DENTON, N.C. (WGHP) — Davidson County Sheriff Richie Simmons estimated the suspect in Thursday’s deputy-involved shooting fired about 200 rounds at law enforcement, leaving them with tens of thousands of dollars worth of damaged equipment.
The equipment protected almost all the deputies on the scene. Sheriffs from across the region sent resources to Davidson County throughout the night. While deputies were unharmed, a lot of needed equipment can’t be used.
Sheriff Simmons estimated 28 bullets hit Davidson County’s Bear Cat. There are bullet holes in the front windshield. It was one of three armored vehicles that are now out of commission.
“We will replace it … hopefully, it will be as cheap for the taxpayers as we possibly get out,” Randolph County Sheriff Greg Seabolt said.
Gunman shot at everything
Randolph County’s Bear Cat was hit nine times. A bulletproof window got shattered.
“We’ve got two lights to repair on it,” Seabolt said. “We’ve got a hood that a bullet went through and struck a wiring harness. We’ve also got maybe possible radiator damage.”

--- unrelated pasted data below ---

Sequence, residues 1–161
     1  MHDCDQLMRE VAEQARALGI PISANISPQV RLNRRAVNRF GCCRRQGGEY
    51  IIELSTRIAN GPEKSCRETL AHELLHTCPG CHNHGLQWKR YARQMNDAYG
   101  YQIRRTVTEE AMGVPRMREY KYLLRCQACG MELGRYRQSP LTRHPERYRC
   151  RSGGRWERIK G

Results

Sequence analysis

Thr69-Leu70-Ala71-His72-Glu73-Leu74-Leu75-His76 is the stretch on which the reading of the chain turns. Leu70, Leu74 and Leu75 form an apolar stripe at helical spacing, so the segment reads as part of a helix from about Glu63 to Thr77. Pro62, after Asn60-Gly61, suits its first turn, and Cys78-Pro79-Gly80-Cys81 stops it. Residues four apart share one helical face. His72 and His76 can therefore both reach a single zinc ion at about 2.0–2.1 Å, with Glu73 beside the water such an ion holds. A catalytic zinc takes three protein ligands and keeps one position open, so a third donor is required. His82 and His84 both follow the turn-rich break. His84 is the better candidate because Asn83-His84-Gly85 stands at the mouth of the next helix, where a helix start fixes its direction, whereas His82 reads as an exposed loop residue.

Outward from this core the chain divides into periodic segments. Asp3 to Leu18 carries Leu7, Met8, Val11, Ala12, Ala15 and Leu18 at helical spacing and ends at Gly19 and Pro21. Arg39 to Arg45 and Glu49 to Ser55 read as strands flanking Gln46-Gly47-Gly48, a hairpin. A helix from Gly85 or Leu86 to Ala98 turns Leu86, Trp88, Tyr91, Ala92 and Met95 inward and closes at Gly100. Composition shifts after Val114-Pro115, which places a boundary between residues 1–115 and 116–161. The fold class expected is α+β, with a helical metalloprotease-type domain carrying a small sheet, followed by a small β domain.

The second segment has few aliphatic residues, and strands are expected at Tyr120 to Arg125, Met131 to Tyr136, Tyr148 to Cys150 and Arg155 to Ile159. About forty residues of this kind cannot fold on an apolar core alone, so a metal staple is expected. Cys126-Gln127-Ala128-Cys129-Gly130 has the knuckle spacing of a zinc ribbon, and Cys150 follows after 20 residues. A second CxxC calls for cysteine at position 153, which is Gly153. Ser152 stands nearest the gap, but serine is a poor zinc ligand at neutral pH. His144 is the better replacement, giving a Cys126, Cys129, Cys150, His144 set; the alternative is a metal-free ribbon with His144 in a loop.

Sheriff Seabolt said the gunman shot at everything, including drones.
“Emergency services had their drone, which is worth approximately $18,000,” he said. “He shot that from the sky and also shot down the Davidson County drone. This guy was purposefully trying to destroy everything we had.”
The good news is the equipment did its job to protect first responders.
“We will never ever put our men and women who wear this uniform in harm’s way with a piece of equipment that they desperately need,” Seabolt said.
The sheriff estimates he had about 20 deputies on the scene.
Expenses adding up, partners offered help
Guilford County sent its Rook armored vehicle and 18 deputies. Some had to be called in. Sheriff Danny Rogers estimates it cost his department about $5,200 between overtime, gas and equipment expenses.
Charlotte Mecklenburg Police and Highway Patrol offered their services in the sky using helicopters.
Davidson County, which led the response, had about 30 deputies on the scene.
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“I took off down there, and we got there just in time,” Sheriff Simmons said. “We started calling for extra assistance as well. We had a big perimeter.”
Sheriff Seabolt has never seen anything quite like it.
The sheriffs admitted it’s a little frustrating to have their armored vehicles out of service. FOX8 asked what they will do if another situation like this happens again and all of their equipment is in the shop.
They aren’t worried. They say they’ll call in their partnering agencies to get help just like they’ve offered in the past.